Contact Lenses Are Polluting The Ocean — Here's How To Actually Recycle Them (Spoiler: It's Not Easy)
Summer 2018 will go down as the summer we said goodbye to unnecessary plastic waste. Starbucks committed to eliminating plastic straws in all locations by 2020, IKEA banned all single-use plastics from its stores, and entire cities (like Seattle) banned the use of plastic bags and straws. And now we have one more thing to add to our consciousness-raising list: People are starting to understand the impact of contact lenses.
According to new research out of the American Chemical Society, 20 percent of people who wear contact lenses dispose of them by flushing them down the toilet or sink. But as medical devices, contact lenses are specifically designed to withstand harsh environments, and therefore they don't biodegrade easily. Flushing contact lenses is particularly concerning because their size and flexibility allow them to slip through filters meant to keep nonbiological waste out of wastewater treatment plants.
The study found that the chemical and mechanical processing at these treatment facilities were unable to fully break down contact lenses, leaving them as part of the final matrix of treated water. Post-treatment, wastewater is typically spread on fields, where contact lenses can make their way into surface water and cause environmental damage. Eek.
It may seem like a small thing, but with over 45 million contact wearers in the United States, all that plastic adds up. We are talking about 22 metric tons of contact lenses being improperly disposed of every year here, unnecessarily adding to the hundreds of thousands of tons of microplastics floating in our oceans and wreaking havoc on our environment.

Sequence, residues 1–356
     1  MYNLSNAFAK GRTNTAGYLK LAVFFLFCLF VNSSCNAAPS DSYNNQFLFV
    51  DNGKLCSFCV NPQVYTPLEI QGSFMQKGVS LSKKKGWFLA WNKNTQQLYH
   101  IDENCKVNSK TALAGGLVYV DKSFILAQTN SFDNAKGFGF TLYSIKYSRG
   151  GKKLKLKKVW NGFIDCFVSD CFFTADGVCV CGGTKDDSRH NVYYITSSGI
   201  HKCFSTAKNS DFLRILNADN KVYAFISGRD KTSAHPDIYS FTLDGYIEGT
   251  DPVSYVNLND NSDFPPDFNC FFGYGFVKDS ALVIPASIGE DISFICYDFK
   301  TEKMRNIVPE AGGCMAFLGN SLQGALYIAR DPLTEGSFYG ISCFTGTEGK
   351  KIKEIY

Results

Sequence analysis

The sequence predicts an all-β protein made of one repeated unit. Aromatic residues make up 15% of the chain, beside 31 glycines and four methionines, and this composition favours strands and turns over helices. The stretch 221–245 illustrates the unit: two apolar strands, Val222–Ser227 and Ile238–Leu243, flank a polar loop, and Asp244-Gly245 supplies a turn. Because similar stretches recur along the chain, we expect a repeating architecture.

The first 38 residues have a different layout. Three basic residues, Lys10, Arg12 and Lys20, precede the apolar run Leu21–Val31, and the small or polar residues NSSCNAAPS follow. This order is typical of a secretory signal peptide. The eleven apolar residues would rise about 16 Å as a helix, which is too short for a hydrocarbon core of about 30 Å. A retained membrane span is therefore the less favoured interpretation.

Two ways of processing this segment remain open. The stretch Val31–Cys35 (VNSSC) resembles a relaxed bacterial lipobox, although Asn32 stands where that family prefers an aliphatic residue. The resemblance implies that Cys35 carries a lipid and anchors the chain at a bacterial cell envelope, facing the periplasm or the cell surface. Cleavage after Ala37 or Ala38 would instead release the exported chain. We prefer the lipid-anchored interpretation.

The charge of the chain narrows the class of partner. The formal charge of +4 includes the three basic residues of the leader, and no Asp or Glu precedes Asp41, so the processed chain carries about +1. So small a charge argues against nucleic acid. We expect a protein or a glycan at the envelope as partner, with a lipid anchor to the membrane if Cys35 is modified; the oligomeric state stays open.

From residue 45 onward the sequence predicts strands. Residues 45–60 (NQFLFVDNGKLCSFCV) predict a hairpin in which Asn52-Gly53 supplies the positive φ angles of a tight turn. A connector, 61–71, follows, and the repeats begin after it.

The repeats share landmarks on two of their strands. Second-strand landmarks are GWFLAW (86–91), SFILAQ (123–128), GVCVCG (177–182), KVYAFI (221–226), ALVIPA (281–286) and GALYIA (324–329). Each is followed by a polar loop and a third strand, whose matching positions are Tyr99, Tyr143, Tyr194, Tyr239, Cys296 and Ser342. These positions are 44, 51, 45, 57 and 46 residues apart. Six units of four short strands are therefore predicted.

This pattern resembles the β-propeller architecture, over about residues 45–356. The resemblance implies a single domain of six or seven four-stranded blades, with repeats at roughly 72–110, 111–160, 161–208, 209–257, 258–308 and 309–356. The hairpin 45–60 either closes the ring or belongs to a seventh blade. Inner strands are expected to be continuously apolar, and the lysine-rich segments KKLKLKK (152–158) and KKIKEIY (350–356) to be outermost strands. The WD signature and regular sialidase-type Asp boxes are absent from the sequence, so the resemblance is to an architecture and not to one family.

So what is the right way to dispose of contact lenses?
It turns out, properly disposing of contact lenses is pretty tricky. One option is to throw them in the garbage. While this will keep them out of our water systems, it sends them to landfill—which is not really any better. Unfortunately, you can't just toss your contacts in the recycling bin and call it a day, either. Due to their size and packaging materials, recycling facilities typically cannot handle contact lens processing, so they are diverted to landfills. In order to actually be recycled, contact lenses need to be processed at a specialty recycling facility.
This doesn't mean that all eco-conscious contact-wearers must stick to glasses, though. Fortunately, in an effort to minimize the waste generated by disposable contact lenses and facilitate the recycling process, some eye care companies have started their own recycling initiatives. Through these programs, individuals can ship their used contacts to TerraCycle (a company that specializes in recycling the hard-to-recycle) for free or drop them off at participating retailers.
If your contact lens provider is not up to speed on recycling yet, don't worry—the Bausch + Laum One by One program is an awesome resource. This program accepts disposable contacts from any brand, so you can do your part to keep the earth clear of microplastics and enjoy the convenience of contact lenses. Very summer 2018, if you ask us.
Looking to reduce your footprint? Check out these 7 reusable items to always keep on hand.
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